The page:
CCL: Predicting useful properties of fluids

 Sent to CCL by: "Fiona Case" []
 Here is an important question:
Can molecular simulations methods be used to predict industrially relevant properties of fluids (such as viscosity, vapor pressure, heat of vaporization, boiling temperature, heat capacity, isothermal compressibility, thermal conductivity, vapor liquid equilibria, or infinite dilution activity coefficients)?
How well do the different methods and forcefields perform when compared to experimental data, and to other, non-simulation, prediction techniques?
The Industrial Fluid Property Simulation Collective (IFPSC) is a group of chemists and chemical engineers from industry and NIST who want to answer this question! We believe molecular simulation could become a breakthrough technology that is widely accepted in the chemical industry. It has the potential to provide a more cost-effective method for obtaining physical property data than experiments ? particularly for materials and state points that are experimentally challenging or hazardous.
The IFPSC have already organized two simulation challenges (in 2002 and 2004), and we are about to launch the third. The types of questions we are considering are listed at our website:
The CCL represents a broad cross-section of the computational chemistry community. What do you think - do these questions represent a reasonable test of today's leading methods and forcefields? We ask you to take the time to answer our survey:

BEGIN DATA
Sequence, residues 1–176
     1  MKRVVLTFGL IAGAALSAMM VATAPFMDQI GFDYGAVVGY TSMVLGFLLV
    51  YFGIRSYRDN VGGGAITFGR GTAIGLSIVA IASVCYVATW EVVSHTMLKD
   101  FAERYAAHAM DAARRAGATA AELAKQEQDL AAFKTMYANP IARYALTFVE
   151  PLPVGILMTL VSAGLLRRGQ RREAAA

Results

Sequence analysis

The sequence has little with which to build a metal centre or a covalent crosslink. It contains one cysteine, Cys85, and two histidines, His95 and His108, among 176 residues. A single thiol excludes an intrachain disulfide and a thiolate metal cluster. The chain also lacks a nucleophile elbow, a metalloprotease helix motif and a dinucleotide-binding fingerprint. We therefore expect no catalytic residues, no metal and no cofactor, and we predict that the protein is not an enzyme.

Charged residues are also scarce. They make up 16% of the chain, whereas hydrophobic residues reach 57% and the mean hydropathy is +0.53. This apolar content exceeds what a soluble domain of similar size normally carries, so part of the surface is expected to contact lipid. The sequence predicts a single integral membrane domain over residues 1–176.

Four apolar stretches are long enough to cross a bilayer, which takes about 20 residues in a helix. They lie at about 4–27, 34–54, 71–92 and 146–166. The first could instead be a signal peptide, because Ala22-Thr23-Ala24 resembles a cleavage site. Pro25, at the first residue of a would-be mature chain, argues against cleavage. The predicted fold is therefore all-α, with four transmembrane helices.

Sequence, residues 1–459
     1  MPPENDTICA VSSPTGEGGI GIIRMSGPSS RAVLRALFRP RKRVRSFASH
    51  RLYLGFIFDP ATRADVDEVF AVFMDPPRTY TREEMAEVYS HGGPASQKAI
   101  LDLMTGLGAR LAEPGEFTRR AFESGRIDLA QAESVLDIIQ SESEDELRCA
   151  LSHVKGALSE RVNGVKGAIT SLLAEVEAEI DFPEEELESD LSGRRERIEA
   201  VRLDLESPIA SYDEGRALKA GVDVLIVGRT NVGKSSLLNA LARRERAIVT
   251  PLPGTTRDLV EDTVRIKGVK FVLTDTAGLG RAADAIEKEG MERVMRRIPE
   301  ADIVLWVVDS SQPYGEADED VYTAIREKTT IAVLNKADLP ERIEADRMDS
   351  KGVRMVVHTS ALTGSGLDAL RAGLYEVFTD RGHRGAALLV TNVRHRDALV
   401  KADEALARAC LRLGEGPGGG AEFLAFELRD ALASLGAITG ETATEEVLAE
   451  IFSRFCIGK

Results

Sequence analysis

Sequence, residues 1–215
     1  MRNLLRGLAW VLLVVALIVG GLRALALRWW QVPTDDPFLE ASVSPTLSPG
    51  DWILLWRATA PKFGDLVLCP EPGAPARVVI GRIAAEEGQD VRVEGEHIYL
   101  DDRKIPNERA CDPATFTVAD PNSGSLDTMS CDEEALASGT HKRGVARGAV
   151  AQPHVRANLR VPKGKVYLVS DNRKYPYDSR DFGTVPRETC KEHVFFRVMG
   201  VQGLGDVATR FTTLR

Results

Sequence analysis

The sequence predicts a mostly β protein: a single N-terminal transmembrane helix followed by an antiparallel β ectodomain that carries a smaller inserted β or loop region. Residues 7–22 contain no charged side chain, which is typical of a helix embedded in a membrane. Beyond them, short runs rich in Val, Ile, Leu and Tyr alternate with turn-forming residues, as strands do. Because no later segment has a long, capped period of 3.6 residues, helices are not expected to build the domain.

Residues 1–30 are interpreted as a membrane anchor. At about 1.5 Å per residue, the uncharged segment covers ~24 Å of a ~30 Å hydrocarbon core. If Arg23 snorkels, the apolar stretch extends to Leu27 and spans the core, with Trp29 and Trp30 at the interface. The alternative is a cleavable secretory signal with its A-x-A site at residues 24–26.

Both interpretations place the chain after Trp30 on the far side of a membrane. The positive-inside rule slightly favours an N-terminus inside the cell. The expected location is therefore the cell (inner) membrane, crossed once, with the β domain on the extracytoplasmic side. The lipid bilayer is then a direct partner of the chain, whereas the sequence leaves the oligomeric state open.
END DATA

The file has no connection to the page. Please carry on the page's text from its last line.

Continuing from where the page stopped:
While you are at the website take a look at other ideas for expanding the value and acceptance of molecular simulations and other property prediction methods. A vision and strategic plan is available here and your comments are welcome:
 The IFPSC organizing committee
The IFPSC is an industry-led initiative aimed at promoting and encouraging the development of techniques for the prediction of industrially-relevant fluid properties. The activities of the group are supported by the Computational Molecular Science and Engineering Forum (CoMSEF) of the American Institute of Chemical Engineers (AIChE), the Computational Chemistry (COMP) and Physical Chemistry (PHYS) divisions of the American Chemical Society (ACS), The Dow Chemical Company, BP Amoco, NIST, Case Scientific, ExxonMobil, Mitsubishi Chemical, 3M Company, and DuPont.